Name: Paul D.
Thanks for the great question. Some beginning winemakers get confused as to when to add pectic enzyme to their wines.
What Is Pectic Enzyme?
The first thing that needs to be understood is that pectic enzyme is not a fining agent or a wine clarifier for wine. It does not clear cloudy particles out of a wine after a fermentation like fining agents. Pectic enzyme is a protein that breaks down pectin in the fruit.
Pectin is the gelatinous material in fruit. It’s the stuff that holds the fruit’s fiber together. It is also the stuff that causes the resulting fruit juice to have the appearance of being cloudy. This is known as a pectin haze.
Once the fruit is crushed and pressed, not only does it release the juice, but it also releases the pectin. The pectin is a highly complex carbohydrate, refracting any light that hits it. This gives the fruit juice a cloudy appearance.
The pectic enzyme is a protein that is capable of breaking down the pectin cells into carbohydrates that are less complex – something that does not refract the light and give the juice a cloudy appearance. Essentially, the pectic enzyme causes a chemical change in the juice. It does not do anything to clear out a substances like a fining agent would; it changes the molecular structure of what’s there so that light my travel more cleanly through it.
When To Add Pectic Enzyme To Your Wine?
As for winemaking, the optimum time to add pectic enzyme is right after crushing the fruit and before pressing. By breaking down the pectin cells at this stage, you are allowing more juice to release from the fruit’s fiber – a good thing for making wine. If you are not the one doing the crushing and pressing, then the second best time to add pectic enzyme to your wine is at the beginning of the fermentation. This will allow the pectic enzyme to do its thing while the wine fermentation is occurring.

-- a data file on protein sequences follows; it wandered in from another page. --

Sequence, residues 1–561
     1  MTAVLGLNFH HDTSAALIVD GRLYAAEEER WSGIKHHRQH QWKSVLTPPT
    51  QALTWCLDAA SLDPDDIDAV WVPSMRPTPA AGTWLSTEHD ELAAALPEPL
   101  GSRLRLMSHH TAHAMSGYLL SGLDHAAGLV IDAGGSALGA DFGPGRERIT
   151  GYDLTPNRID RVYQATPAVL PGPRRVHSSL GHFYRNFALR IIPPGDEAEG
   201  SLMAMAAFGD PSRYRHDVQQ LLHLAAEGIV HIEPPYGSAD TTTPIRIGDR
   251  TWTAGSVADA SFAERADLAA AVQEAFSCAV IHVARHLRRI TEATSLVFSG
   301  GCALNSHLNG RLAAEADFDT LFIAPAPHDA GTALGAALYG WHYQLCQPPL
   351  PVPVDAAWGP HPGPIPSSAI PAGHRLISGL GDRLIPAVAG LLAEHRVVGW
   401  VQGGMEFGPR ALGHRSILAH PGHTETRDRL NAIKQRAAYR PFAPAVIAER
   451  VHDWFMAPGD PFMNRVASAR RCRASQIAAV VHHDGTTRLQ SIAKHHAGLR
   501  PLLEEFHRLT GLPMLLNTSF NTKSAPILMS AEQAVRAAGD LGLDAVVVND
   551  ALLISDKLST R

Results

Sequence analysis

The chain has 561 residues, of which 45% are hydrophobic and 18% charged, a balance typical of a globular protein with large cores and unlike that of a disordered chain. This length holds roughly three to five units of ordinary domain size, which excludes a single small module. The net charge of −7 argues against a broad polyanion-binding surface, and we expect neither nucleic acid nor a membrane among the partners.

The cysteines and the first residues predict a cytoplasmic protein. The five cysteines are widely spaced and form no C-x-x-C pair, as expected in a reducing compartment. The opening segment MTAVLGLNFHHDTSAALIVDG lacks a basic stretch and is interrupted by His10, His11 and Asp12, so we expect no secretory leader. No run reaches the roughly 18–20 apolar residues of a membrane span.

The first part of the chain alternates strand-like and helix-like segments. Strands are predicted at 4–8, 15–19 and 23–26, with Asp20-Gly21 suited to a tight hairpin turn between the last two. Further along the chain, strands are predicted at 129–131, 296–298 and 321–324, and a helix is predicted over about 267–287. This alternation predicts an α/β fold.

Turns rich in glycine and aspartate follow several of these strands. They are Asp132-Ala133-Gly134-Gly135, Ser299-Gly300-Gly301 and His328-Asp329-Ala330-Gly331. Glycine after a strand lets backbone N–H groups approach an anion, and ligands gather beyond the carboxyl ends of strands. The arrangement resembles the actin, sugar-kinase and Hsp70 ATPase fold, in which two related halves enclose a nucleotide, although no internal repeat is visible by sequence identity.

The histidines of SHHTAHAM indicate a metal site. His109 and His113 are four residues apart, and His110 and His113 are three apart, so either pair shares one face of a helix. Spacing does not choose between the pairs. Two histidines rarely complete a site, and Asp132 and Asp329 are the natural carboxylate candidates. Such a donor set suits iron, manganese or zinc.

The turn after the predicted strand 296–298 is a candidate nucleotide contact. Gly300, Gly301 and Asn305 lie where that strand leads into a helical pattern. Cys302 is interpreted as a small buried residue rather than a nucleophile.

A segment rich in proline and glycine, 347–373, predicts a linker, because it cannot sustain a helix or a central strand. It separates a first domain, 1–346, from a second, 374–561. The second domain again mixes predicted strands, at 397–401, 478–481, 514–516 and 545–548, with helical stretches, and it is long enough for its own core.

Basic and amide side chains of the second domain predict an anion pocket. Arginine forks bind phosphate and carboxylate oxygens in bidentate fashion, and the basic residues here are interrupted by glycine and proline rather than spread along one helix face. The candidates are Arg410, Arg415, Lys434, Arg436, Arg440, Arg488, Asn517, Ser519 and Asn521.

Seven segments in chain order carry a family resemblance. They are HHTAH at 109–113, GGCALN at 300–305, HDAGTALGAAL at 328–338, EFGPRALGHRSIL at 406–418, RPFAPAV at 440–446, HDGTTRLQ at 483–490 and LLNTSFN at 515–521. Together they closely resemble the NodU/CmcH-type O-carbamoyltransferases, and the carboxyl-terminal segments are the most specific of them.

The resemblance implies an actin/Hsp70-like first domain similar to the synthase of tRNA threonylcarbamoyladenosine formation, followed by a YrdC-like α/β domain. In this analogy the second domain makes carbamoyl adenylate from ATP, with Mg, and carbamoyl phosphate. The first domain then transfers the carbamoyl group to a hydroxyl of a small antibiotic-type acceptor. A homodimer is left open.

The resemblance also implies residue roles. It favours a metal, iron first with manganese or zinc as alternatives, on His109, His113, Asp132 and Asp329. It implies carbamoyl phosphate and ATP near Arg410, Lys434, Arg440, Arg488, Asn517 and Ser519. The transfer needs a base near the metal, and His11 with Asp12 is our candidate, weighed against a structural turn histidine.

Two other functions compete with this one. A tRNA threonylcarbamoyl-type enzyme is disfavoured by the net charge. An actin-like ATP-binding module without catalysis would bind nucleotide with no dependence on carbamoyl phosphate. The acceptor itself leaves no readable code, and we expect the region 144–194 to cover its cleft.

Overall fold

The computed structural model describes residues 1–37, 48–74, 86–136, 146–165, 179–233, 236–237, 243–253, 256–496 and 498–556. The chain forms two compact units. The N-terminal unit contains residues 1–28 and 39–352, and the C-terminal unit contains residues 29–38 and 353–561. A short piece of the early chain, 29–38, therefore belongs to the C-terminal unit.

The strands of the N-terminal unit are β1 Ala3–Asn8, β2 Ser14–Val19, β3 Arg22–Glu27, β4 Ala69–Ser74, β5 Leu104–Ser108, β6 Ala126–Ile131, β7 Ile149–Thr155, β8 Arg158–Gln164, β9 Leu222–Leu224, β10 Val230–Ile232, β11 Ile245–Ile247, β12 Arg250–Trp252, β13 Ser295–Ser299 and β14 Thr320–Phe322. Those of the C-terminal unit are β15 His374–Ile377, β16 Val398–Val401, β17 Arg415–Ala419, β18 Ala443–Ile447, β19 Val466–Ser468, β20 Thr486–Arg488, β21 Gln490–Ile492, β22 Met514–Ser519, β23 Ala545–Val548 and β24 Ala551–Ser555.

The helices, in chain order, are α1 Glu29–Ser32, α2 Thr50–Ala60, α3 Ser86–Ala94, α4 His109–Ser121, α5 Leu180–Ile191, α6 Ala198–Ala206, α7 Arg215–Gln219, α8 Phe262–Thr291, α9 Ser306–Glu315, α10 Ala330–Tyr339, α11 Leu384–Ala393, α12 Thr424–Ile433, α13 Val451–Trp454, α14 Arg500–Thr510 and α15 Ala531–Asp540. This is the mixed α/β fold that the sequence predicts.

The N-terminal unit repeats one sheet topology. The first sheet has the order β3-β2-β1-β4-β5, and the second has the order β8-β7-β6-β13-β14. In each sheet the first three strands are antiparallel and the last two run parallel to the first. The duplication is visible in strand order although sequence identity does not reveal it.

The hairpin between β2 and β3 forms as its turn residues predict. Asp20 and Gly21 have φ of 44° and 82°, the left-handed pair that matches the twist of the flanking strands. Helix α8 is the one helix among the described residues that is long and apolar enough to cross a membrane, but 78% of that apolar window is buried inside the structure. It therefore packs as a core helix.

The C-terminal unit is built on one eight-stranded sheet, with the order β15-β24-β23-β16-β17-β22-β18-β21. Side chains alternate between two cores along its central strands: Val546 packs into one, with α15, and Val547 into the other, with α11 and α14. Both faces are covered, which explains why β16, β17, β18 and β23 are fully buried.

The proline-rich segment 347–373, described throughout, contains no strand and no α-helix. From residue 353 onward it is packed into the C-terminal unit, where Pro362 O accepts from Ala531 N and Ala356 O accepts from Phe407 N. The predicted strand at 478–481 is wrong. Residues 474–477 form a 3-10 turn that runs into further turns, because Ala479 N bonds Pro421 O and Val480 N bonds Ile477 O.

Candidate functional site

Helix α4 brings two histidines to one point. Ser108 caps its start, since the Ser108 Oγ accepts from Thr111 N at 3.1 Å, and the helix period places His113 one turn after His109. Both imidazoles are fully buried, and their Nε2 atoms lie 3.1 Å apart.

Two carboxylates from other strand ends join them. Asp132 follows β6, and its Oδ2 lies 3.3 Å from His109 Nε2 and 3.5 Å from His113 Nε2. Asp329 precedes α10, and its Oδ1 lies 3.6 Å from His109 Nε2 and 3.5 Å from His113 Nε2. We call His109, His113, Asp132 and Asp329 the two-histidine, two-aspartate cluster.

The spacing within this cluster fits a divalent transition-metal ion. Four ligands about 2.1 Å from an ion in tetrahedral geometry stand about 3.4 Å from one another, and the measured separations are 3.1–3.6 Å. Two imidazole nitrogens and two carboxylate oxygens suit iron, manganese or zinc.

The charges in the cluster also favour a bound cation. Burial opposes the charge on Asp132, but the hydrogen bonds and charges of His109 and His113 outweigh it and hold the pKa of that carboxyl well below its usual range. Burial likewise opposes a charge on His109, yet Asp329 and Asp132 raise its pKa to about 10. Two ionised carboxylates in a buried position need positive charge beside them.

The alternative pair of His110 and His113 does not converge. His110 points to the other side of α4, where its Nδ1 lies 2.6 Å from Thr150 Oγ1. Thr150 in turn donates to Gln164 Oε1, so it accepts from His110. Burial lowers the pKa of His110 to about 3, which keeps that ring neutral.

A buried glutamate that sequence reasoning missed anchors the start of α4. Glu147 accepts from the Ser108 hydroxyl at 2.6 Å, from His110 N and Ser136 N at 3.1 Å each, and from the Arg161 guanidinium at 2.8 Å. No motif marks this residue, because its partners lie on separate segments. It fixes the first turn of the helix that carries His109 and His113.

Three Things To Note Here:
- Pectic enzyme comes in different strengths, so you are better off using the dosage recommended on the package it comes in instead of following the amount called for in your wine recipe.
- During a wine fermentation the wine yeast does produce some pectic enzyme of its own. This is why it is possible to have a clear wine without adding pectic enzyme, but you are playing cloudy roulette with your homemade wine by not adding it. Adding pectic enzyme to your wine gives you added insurance that you are going to have a clear-looking wine.
- If you do end up with a cloudy wine after the fermentation and you’ve already cleared out all the physical particles with a fining agent such as bentonite or isinglass, your options are few. Pectic enzyme is much more effective during a fermentation than after a fermentation. Your only hope is to add another full dose of pectic enzyme directly to the wine and give it time (sometimes months) to work on breaking down the pectin cells. If you did not add a dose of pectic enzyme at the beginning of fermentation, then you can add a double-dose, now. Pectic enzyme works much slower after a fermentation has completed.
Unfortunately, there is no alternative or substitute for pectic enzyme. So if you think you need some, you’ll have to get some. Do not use gelatin from the store. It will not disperse as evenly and readily as gelatin offered by wine supply shops.
I hope I’ve answered your questions and given you a more complete understanding of what pectic enzyme is and what it does for the home winemaker. Just remember it is at the beginning of fermentation that you when you’ll want to add pectic enzyme to your wine. If that ship has sailed, you can add a double-dose of pectic enzyme after the fermentation.
If you’d like to read more you might want to take a look at Why Do Wine Recipes Call For Pectic Enzyme.
Ed Kraus is a 3rd generation home brewer/winemaker and has been an owner of E. C. Kraus since 1999. He has been helping individuals make better wine and beer for over 25 years.